Thursday, 30 May 2013

Independent living

In my recent work-related reading yesterday, I came across some interesting figures. From the household population of a sample for an organic vs. conventional products survey conducted in 2011 and consisting of 200 interviewees from Athens, Thessaloniki and Heraklion, it was discovered that:
"... the majority [of households] has three people in the same house at 37.9%, followed by 26.3% for a house population of four, 17.4% for a population of two, 11.6% for a population of five, 3.7% for a population of six, and 3.2% for a population of one."
Despite the survey size, we can conclude that Greeks generally don't have large families - and more importantly, they generally don't live alone. This means that you won't see a lot of young single Greek people living and working on their own. This should not come as surprising given the economic crisis. Greece has a high unemployment rate, especially among young people in the 15-24 year old category, making living on one's own unaffordable. So it will come as a surprise to many people that there are in fact a proportionally high number of young people in this age group living alone in Greece. To live on your own means you must be financially independent, able to pay your rent, utilities, phone line, food and transport needs, which also includes your cellphone, internet usage, computer maintenance, meals out, and other things young people do. So how can it be that many young people in the 15-24 year category are living on their own in Greece but aren't working? People who are more likely to live on their own will probably be financially independent, so what is going on?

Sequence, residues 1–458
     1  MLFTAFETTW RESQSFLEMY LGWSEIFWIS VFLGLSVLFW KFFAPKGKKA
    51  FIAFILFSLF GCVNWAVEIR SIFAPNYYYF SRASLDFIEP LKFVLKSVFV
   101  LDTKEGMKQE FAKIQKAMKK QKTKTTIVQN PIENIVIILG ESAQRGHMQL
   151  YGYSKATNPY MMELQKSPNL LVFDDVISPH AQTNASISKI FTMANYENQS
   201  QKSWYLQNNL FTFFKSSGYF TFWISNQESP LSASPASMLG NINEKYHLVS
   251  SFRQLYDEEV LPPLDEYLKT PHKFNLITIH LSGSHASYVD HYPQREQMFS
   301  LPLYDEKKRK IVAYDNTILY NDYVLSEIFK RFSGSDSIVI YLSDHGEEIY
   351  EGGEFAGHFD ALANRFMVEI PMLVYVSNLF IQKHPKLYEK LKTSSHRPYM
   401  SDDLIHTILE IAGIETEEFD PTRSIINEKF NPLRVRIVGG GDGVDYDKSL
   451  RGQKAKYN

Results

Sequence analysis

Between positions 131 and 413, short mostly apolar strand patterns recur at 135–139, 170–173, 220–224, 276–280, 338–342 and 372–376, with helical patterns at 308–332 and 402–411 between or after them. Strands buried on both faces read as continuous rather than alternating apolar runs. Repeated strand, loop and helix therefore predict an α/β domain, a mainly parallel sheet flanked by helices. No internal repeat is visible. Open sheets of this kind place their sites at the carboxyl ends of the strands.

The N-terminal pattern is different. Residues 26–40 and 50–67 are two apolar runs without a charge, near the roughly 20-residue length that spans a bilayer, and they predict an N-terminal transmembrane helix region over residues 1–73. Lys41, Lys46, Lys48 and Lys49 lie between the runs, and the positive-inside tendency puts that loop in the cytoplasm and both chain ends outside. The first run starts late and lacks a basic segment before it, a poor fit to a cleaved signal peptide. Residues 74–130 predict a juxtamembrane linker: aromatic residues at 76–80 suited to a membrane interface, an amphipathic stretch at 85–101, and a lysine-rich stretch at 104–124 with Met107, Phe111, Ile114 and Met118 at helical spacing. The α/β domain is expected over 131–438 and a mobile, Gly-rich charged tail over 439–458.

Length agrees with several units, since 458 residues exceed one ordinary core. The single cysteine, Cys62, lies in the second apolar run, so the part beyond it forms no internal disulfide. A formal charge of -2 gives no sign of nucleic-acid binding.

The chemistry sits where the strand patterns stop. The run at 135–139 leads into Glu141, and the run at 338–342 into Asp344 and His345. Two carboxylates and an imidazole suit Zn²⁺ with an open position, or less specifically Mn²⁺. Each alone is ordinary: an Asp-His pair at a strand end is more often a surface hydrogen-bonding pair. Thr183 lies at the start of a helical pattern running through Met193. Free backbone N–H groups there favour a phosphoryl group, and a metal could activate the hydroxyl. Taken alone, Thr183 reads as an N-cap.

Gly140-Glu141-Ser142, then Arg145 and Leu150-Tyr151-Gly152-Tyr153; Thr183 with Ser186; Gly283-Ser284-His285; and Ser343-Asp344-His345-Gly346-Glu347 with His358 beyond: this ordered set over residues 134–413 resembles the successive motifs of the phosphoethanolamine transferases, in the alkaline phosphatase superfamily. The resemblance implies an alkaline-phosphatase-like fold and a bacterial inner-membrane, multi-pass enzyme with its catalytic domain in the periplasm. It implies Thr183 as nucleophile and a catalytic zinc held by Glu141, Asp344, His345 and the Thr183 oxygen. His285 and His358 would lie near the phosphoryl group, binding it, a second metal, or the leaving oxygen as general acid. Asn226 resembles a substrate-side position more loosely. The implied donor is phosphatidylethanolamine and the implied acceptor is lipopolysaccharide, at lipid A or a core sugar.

Children live with their parents until they finish school. If they wish to continue their studies beyond secondary school, they are required to apply for a place at one of the many departments of one of the many tertiary institutes in Greece, which they secure according to their marks in the national university entrance examinations (called the Πανελλαδικές - Panelladikes). Because you specify your interest before getting your grades in these exams (which are completely different from the regular school exams), you rarely attend an institute in your own town, unless you live in a very large urban centre (eg Athens, Thessaloniki, Iraklio) where it is more likely that you will find a faculty that interests you.

While students study for their basic qualification - 3 years at a technical institute (TEI), 4 years for a university degree (AEI) at least 5 years or more for Polytechnio, the Technical University, which is considered the highest level of tertiary education in Greece, and 5-6 years at med school - they live in accommodation paid for by their parents. State-subsidised accommodation is only open for certain socio-economic groups but there is a general lack of such facilities, hence their under-use by Greek students.